Harvard Prof Top Pick To Lead Consumer Bureau
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Now, where consumers, banks and rap music intersect. When Congress rewrote the nation's financial rule book this summer it set up a new agency to safeguard consumers. Now, President Obama has to decide who should run that agency and he's getting a lot of advice, much of it telling him to pick Harvard professor Elizabeth Warren, who proposed the idea for the Consumer Protection Bureau.
NPR's Scott Horsley reports.
(Soundbite of music video, "Got a New Sheriff")
SCOTT HORSLEY: It's high noon for President Obama, as he makes his pick for a new financial sheriff.
Mr. RYAN ANTHONY LUMAS (Rapper, Main Street BRIGADE): Elizabeth Warren...
(Soundbite of laughter)
Mr. LUMAS: We got your back.
HORSLEY: Liberal groups are collecting signatures, a dozen senators have written the president, there's even a YouTube music video - all singing the praises of Elizabeth Warren.
(Soundbite of music video, "Got a New Sheriff")
MAIN STREET BRIGADE (Rappers): (Rapping) Elizabeth. Got, got, got a new sheriff. Warren. Got, got, got a new sheriff. Elizabeth. Got, got, got a new sheriff, Warren. Elizabeth Warren.
Ms. JULIA ROSEN (Online Political Director, Progressive Change Campaign Committee): I dont know about you, but I can't remember a time when a position that needs to be confirmed by the Senate had a rap video in support of an individual.
HORSLEY: Julia Rosen's group, the Progressive Change Campaign Committee, has collected more than 200,000 petition signatures for Warren, who also serves as a watchdog for the government's bank bailout program.
The plainspoken Harvard law professor has become a folk hero for bank customers. And Rosen says it'll be disappointing if Mr. Obama picks anyone else.
Ms. ROSEN: Elizabeth Warren has a proven record of standing up to Wall Street on behalf of the consumers. And the public is telling President Obama that she's absolutely the best person for the job.
HORSLEY: Warren's pioneering research into the causes of bankruptcy, and the financial traps that ordinary Americans fall into, made her a crusader for consumer protection. But it didnt make her any friends in the banking industry.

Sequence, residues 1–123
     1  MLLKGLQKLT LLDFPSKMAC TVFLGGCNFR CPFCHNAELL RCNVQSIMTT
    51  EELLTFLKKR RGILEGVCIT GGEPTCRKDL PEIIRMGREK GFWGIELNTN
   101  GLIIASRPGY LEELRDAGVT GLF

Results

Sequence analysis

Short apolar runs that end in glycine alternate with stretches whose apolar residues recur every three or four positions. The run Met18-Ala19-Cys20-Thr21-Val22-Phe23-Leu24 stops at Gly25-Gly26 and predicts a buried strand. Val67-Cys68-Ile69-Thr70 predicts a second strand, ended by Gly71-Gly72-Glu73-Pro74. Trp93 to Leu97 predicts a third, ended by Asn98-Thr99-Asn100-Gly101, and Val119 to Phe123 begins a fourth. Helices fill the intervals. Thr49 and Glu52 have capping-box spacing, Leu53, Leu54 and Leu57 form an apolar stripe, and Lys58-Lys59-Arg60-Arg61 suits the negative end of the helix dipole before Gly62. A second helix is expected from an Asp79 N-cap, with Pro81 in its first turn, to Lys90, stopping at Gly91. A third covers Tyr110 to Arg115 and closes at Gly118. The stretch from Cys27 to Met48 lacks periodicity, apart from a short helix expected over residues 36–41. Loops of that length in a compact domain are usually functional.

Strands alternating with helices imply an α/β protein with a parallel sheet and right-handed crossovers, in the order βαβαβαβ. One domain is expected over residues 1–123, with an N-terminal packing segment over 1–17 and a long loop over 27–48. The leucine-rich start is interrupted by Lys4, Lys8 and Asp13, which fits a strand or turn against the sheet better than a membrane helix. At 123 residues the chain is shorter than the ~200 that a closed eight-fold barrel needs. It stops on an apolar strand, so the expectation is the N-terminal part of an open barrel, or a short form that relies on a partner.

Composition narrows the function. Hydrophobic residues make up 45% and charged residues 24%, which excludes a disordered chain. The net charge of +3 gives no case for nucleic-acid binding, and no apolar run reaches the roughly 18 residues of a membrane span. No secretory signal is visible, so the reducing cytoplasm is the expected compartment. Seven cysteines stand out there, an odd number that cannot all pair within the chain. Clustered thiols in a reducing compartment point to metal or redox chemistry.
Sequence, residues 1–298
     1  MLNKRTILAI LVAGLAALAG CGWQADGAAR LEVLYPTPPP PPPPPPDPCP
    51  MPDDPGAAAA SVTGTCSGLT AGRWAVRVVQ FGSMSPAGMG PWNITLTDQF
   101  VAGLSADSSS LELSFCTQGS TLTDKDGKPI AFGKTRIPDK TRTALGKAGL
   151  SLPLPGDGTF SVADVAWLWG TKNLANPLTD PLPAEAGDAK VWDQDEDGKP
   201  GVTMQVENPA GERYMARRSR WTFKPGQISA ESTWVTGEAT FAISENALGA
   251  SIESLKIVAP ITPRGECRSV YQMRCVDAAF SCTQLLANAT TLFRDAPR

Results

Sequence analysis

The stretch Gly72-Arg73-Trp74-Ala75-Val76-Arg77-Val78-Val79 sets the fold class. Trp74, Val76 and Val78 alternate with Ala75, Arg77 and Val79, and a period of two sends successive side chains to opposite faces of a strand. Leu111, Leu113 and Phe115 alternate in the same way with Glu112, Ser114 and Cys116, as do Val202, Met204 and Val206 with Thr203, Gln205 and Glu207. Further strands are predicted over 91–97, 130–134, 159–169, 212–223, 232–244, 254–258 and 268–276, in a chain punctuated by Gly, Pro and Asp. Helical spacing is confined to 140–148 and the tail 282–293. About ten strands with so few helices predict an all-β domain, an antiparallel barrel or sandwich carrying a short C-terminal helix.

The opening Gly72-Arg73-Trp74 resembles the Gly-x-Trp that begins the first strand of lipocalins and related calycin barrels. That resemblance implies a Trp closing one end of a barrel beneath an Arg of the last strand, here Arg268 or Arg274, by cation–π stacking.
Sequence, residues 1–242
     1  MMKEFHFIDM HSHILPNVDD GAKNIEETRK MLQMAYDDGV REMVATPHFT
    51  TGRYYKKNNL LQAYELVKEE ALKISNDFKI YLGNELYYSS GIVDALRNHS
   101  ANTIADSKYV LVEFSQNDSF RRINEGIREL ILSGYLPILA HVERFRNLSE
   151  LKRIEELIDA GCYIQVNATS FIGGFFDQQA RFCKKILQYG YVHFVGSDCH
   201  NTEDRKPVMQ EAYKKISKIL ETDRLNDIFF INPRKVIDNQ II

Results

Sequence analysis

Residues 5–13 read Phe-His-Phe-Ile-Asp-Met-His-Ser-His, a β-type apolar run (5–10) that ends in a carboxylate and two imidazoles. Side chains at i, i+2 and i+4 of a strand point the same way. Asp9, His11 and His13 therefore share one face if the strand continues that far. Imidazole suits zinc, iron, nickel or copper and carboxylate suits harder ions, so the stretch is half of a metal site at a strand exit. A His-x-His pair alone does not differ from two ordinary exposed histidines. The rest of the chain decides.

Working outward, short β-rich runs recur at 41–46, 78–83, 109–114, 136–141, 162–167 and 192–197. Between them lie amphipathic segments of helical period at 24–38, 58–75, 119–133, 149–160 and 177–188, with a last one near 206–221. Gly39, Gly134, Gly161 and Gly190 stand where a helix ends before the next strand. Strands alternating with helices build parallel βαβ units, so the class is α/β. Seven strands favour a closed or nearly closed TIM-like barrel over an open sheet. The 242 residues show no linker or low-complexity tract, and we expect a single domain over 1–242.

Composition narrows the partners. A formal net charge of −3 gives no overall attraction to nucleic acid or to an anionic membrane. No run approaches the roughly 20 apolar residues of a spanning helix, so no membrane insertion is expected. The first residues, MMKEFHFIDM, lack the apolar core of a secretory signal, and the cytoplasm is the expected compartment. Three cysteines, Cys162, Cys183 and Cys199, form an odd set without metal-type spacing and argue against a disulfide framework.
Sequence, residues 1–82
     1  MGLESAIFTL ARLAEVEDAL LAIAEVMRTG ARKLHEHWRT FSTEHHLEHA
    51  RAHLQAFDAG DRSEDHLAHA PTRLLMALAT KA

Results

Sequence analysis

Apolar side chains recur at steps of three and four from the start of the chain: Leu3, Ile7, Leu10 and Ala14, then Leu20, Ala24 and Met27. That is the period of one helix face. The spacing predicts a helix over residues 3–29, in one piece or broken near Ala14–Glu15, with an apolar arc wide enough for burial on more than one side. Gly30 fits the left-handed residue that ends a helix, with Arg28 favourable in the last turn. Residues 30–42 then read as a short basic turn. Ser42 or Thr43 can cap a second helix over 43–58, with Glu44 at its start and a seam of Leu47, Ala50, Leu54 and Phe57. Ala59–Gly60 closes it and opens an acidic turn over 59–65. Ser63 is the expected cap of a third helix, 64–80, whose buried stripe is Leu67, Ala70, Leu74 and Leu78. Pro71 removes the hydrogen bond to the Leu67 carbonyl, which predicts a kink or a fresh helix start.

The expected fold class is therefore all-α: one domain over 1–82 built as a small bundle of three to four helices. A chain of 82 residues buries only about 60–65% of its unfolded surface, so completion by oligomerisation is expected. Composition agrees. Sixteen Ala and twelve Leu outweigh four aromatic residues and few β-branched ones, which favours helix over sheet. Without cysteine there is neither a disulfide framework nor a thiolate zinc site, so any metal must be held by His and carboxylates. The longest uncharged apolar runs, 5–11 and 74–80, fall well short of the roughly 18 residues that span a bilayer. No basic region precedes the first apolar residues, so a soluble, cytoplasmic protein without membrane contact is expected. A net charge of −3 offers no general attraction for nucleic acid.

George Beattie, who heads the Nebraska Bankers Association, says Warren would not be a popular pick among bankers.
Mr. GEORGE BEATTIE (President-CEO, Nebraska Bankers Association): I really dont think she would be a good fit. It's not that I doubt her intelligence, but I dont think she has practical experience necessary to run a consumer protection agency.
HORSLEY: Beattie remembers a conference call in which Warren tried to persuade rural bankers that a standardized loan contract designed to protect consumers would also be good for banks. He came away doubtful that the professor understands his business, and he shared that worry with the senators who would have to vote on her nomination.
Mr. BEATTIE: Regardless of what you think of her, she has become sort of a lightning rod and has picked up a lot of baggage as a result of that.
HORSLEY: Senate Banking Committee Chairman Chris Dodd also worries about Warren's political baggage. In a call to the "Diane Rehm Show," Dodd argued there are other qualified candidates. So why pick a fight in the Senate over Warren?
Senator CHRISTOPHER DODD (Democrat, Chairman, Senate Banking Committee): People could be great nominees, and Elizabeth likely be a terrific nominee. The question is: Is she confirmable? And there's a serious question about it.
HORSLEY: Warren has also tangled at times with Treasury Secretary Timothy Geithner. But White House spokesman Robert Gibbs had only nice things to say about Warren, noting that she and the president met to discuss the consumer job shortly before Mr. Obama left on his summer vacation.
Mr. ROBERT GIBBS (Press Secretary, White House): Elizabeth Warren is a terrific candidate. I dont think any criticism in any way would disqualify her. And I think she's very confirmable for this job.
HORSLEY: Warren would need at least some Republican support to win confirmation and thats a challenge, since most Senate Republicans voted against the consumer agency. Still, financial reform is one area where Mr. Obama has been eager to challenge Republicans, evidently believing the public is on his side.
Petition gatherer Rosen adds picking Warren is an opportunity for Obama to re-energize some of his disillusioned supporters on the left.
Ms. ROSEN: A fight on behalf of consumers and making sure we have an advocate at the helm is a good thing to do, and a fight well worth having.
HORSLEY: The president's choice could be a signal then, not only of how tough the new Consumer Protection Bureau will be, but also how combative Mr. Obama will be heading into the November election.
Scott Horsley, NPR News, Washington.
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Correction Aug. 26, 2010
Earlier versions of this story identified Elizabeth Warren as a former dean of the Harvard Law School. This is incorrect. She is a professor.